AFL Round 15 – Collingwood v Carlton: Sacred kingfisher positivity

“Memory has its own special kind. It selects, eliminates, alters, exaggerates, minimizes, glorifies, and vilifies also; but in the end it creates its own reality, its heterogeneous but usually coherent version of events; and no sane human being ever trusts someone else’s version more than his own.”
– Salman Rushdie, Midnight’s Children

I am everyone and I am everything. I am thought and event and intention and action. And I am with you when you articulate this curious business in which so much football continues to be written and spoken and shown, and yet most of it is of such little substance. But I, Señor Miguel Gaston, whose life-long ability to maintain the clear-eyed vantage of the circling raptor had won me both admirers and enemies of formidable yet equal strength and equal number, noted the following things as I made my way this evening on the back of an oversized Growling Grass Frog named Geronimo, to the MCG:
– N Buckley was yearning for positivity with a clarity of voice and purpose rare except among those rarely challenged or those unaccustomed to rolling waves of personal or existential doubt.
– M Malthouse was yearning for… what? It was hard to say. Respect?
– A Demetriou and now other administrators and commentators were yearning for a place in history. Something beyond even their collective control.
– Most punters were yearning to be treated with common (or perhaps not-so-common) respect.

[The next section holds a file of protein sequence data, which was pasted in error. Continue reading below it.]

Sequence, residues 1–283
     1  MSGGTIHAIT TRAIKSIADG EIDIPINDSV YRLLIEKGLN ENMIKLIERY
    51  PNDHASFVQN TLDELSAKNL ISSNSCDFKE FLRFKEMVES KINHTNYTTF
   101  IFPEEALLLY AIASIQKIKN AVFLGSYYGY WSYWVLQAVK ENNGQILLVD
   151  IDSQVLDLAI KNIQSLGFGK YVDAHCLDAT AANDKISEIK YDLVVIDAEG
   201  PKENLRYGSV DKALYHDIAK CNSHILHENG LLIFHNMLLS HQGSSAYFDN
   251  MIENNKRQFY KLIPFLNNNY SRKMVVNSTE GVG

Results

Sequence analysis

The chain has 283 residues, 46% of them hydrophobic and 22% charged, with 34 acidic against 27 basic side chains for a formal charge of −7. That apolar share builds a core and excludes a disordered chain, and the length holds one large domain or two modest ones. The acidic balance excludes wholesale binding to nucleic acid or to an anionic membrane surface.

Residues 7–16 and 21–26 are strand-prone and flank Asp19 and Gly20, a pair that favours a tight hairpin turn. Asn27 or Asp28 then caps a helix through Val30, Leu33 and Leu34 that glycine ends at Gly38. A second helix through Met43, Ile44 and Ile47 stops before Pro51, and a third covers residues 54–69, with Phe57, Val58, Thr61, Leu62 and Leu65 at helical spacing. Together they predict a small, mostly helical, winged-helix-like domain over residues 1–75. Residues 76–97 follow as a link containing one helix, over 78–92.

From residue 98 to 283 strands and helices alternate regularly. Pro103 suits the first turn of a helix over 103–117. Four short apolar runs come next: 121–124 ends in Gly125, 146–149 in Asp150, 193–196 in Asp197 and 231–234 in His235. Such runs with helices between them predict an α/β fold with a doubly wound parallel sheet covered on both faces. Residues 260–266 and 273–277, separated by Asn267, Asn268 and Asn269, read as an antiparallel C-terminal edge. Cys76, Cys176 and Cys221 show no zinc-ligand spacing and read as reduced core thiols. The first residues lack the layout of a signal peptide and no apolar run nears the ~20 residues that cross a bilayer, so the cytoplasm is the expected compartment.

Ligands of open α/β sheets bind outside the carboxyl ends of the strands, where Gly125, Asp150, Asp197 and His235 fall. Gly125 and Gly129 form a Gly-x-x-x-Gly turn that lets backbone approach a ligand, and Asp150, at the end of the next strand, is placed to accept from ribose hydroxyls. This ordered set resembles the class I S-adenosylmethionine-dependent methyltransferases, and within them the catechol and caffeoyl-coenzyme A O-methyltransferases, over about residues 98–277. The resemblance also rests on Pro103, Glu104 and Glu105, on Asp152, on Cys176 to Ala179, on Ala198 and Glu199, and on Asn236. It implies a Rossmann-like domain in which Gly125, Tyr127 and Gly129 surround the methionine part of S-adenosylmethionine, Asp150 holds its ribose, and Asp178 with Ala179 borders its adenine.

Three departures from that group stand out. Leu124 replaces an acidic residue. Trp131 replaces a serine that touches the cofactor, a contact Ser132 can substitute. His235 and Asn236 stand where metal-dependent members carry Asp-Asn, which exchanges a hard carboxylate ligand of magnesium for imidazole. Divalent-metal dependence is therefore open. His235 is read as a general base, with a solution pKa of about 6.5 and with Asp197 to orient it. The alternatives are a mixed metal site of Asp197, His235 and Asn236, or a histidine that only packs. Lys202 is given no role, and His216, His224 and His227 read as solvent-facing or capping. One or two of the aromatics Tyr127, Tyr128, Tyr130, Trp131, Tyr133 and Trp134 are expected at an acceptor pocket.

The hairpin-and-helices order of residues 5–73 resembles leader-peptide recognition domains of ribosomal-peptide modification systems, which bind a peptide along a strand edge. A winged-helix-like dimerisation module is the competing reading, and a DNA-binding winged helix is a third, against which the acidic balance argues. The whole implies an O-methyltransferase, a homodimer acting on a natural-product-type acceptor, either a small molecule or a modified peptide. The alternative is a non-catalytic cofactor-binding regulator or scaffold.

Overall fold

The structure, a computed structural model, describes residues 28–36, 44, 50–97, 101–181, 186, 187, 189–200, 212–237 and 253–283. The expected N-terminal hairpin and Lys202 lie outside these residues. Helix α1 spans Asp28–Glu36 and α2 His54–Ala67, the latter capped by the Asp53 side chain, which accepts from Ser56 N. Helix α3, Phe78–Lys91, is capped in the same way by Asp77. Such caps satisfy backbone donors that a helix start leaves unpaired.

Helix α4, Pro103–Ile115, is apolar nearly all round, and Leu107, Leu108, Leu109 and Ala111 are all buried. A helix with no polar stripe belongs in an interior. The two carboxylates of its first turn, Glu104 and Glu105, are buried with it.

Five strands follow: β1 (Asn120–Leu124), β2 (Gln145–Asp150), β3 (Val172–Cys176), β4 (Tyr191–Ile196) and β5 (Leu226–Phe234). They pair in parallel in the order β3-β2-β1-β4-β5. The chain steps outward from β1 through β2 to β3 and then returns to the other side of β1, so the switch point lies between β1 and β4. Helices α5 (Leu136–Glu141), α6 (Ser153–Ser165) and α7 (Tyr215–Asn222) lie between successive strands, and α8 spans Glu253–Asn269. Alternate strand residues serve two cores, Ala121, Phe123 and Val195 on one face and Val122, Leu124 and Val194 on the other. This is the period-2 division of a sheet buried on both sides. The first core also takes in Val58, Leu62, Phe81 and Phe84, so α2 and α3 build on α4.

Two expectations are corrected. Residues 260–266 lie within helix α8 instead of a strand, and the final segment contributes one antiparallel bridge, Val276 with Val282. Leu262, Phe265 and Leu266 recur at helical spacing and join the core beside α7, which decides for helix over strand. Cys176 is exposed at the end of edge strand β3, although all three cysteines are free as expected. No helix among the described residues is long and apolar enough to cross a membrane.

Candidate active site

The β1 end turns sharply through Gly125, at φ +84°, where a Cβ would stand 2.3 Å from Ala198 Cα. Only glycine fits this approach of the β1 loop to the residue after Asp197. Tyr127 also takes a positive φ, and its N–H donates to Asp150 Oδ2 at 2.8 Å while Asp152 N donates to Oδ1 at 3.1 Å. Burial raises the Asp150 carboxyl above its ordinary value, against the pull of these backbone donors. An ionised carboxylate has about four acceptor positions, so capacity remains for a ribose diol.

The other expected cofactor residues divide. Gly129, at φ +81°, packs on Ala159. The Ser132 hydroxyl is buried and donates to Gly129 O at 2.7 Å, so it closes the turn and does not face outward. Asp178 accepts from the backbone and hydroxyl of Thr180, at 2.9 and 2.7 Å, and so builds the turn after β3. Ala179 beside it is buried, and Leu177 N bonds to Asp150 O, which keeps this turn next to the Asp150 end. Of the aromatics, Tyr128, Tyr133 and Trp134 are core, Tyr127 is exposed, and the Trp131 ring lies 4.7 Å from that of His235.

“Geronimo, my splendid frog,” I began, for I felt an unwavering affection for my amphibious mount. “This is a game. It is only a game. And as such, let it be fun.”

“Agreed,” agreed Geronimo, who was not only over-sized, but also capable of conversing in English. “Once we had footy as a destination of escape from life’s miserable distractions. Now, footy carries the stench of those very distractions. What is to be done?”

“I know, I know,” I agreed. “I know.”

“Great,” enthused Geronimo, leaping along the Merri Creek, swollen by the afternoon’s drainage of northern Melbourne. “How?”

“The only way for one to shift the burden is to unburden oneself.”

“If it’s to be, it’s up to me?”

“Precisely,” I said. “Let’s forget grim. The violence is fine, but let’s do away with forlorn despair.”

“Footy more Tarantino, less Scorsese,” offered Geronimo, whose life ambition it remained to appear alongside Margaret and David on their weekly movie review show, and anticipating such an event, had worked hard to develop a not-without-credence knack for impersonating classic scenes of movie dialogue.

“Very good, Geronimo. Now, drop me at the Dight’s Falls, good frog. I’ll take the Sacred Kingfisher from there.”

Torrential rain of the afternoon had ceased, though the sky remained darkened by thick grey cloud. All heat energy had vanished from the immediate surrounds.

Alongside the rushing water, I thrice whistled, heralding such a rapidity of sacred kingfisher movement that two pairs of cyclists, heading in opposing directions, wet and cold, were sufficiently distracted to collide with each other.

“Now, Shivioli, my magical sacred kingfisher, let us keep our eyes tonight upon magic,” I charismatically declared.

“No wuckers, China. So far I’ve already ignored an appalling scheduling disaster of 7:10pm on a Sunday.”